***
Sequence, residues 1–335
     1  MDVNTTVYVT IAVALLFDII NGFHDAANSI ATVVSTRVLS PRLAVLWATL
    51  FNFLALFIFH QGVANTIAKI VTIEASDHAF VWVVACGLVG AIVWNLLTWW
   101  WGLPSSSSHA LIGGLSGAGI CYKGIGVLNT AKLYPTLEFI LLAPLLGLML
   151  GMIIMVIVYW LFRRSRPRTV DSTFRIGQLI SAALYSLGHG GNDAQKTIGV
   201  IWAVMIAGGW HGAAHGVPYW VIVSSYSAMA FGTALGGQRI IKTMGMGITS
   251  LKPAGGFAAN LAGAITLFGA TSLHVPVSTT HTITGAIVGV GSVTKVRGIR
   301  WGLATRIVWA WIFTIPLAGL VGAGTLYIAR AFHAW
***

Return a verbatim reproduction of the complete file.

Sequence, residues 1–335
     1  MDVNTTVYVT IAVALLFDII NGFHDAANSI ATVVSTRVLS PRLAVLWATL
    51  FNFLALFIFH QGVANTIAKI VTIEASDHAF VWVVACGLVG AIVWNLLTWW
   101  WGLPSSSSHA LIGGLSGAGI CYKGIGVLNT AKLYPTLEFI LLAPLLGLML
   151  GMIIMVIVYW LFRRSRPRTV DSTFRIGQLI SAALYSLGHG GNDAQKTIGV
   201  IWAVMIAGGW HGAAHGVPYW VIVSSYSAMA FGTALGGQRI IKTMGMGITS
   251  LKPAGGFAAN LAGAITLFGA TSLHVPVSTT HTITGAIVGV GSVTKVRGIR
   301  WGLATRIVWA WIFTIPLAGL VGAGTLYIAR AFHAW